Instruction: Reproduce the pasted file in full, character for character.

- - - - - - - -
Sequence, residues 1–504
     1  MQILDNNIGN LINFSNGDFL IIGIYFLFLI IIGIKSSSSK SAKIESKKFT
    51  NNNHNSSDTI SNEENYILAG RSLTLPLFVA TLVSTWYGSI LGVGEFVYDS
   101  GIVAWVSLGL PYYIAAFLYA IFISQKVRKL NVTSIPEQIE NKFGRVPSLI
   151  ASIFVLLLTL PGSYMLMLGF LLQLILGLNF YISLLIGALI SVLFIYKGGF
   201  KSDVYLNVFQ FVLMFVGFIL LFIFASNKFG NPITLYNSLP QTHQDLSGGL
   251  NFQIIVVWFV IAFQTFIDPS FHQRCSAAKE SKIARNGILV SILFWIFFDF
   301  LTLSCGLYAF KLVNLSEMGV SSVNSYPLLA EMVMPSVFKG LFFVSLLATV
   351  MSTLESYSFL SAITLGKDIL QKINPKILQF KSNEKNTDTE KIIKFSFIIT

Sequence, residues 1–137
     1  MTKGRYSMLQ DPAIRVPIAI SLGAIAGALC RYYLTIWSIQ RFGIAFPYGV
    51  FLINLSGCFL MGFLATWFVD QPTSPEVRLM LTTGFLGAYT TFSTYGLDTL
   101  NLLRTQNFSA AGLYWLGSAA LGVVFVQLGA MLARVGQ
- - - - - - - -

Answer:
Sequence, residues 1–504
     1  MQILDNNIGN LINFSNGDFL IIGIYFLFLI IIGIKSSSSK SAKIESKKFT
    51  NNNHNSSDTI SNEENYILAG RSLTLPLFVA TLVSTWYGSI LGVGEFVYDS
   101  GIVAWVSLGL PYYIAAFLYA IFISQKVRKL NVTSIPEQIE NKFGRVPSLI
   151  ASIFVLLLTL PGSYMLMLGF LLQLILGLNF YISLLIGALI SVLFIYKGGF
   201  KSDVYLNVFQ FVLMFVGFIL LFIFASNKFG NPITLYNSLP QTHQDLSGGL
   251  NFQIIVVWFV IAFQTFIDPS FHQRCSAAKE SKIARNGILV SILFWIFFDF
   301  LTLSCGLYAF KLVNLSEMGV SSVNSYPLLA EMVMPSVFKG LFFVSLLATV
   351  MSTLESYSFL SAITLGKDIL QKINPKILQF KSNEKNTDTE KIIKFSFIIT

Sequence, residues 1–137
     1  MTKGRYSMLQ DPAIRVPIAI SLGAIAGALC RYYLTIWSIQ RFGIAFPYGV
    51  FLINLSGCFL MGFLATWFVD QPTSPEVRLM LTTGFLGAYT TFSTYGLDTL
   101  NLLRTQNFSA AGLYWLGSAA LGVVFVQLGA MLARVGQ